A Lonely Voice Sounding From the Deep Forests : The Representation of Nature in Sibelius's Symphonies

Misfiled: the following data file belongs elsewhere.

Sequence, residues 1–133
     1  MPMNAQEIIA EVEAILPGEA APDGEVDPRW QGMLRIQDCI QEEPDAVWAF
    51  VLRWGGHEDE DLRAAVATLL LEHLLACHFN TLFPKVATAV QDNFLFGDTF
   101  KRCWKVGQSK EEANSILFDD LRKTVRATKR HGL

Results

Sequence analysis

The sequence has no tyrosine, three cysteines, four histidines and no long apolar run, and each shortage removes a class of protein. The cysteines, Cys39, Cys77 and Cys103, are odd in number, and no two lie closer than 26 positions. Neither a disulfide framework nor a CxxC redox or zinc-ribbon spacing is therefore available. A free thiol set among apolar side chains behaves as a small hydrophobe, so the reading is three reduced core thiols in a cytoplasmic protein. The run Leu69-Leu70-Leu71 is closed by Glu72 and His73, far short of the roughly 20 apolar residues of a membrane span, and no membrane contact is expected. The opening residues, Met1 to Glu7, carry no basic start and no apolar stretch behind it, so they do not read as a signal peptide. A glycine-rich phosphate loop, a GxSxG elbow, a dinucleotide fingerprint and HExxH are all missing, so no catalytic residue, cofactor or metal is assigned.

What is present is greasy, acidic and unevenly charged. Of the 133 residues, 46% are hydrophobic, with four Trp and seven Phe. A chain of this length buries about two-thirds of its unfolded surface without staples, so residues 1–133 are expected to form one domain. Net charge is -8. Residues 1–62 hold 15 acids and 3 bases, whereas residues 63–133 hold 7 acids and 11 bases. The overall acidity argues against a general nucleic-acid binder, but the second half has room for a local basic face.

Abstract: Although the notion that the music of Jean Sibelius portrays the nature and landscape of Finland has long dominated his reception, the more precise ways in which these aspects are musically expressed have remained relatively unexamined. In an attempt to further explore and deepen the knowledge of the natural world’s musical mediation in the composer’s art, the aim of this essay is to define therepresentation of nature and landscape in Sibelius’s seven symphonies. The two central questions of the investigation are: What kind of nature is evoked and how can it be characterized? Whichmusical features/compositional techniques are used in order to produce this nature? The basic methods applied are those of history and music analysis, the former striving to construct a picture of Sibelius’s own relationship with nature by emanating from specific sources (such as the composer’s diary) in combination with reception and literature, this part of the essay forming a necessary platform for the execution of the latter. Drawing on the depiction of nature in several of the composer’s tone poems, many of them with titles or programs referring to the realms of the natural world and thus adequate as a sort of reference point, I have in the musical analysis of the representation of nature in the symphonies proceeded from several nature-related themes or ’topics’ such as the forest, winds and storms, landscape constituting a broader, subdivided suchtopic. However, aspects associated with or somewhat connected to nature are also included, for example that of light, darkness and inwardness. The results of this study show that the nature evoked in Sibelius’s music is a highly multifaceted and conflicted one, portraying rich spectra of various environmental shapes and atmospheres. Moreover, his art also demonstrates nature’s continual change over time as well as presents ’humanized’ landscapes in which a narrative ’voice’ or viewer is actively integrated. As a whole, Sibelius’s nature comes forth as decisively elemental and unreflective, mirroring the composer’s own, all-encompassing view of his surroundings. Although applying greatly differing expressional tools and compositional techniques, the symphonies’ musical portrayal of the natural world is largely based on four main features; sound/ timbre (rendering a nature scene its particular mood or color), orchestral texture (providing a structural ’space’ of landscape), gestures (illustration of movement) and formal principles(Sibelius’s own compositional methods of rotational form and teleological genesis, constructing certain processes related to nature such as storm and meditative withdrawal). Frequently, however, it’s the specific combination of two or more of these components that produce the particular nature scene or event.
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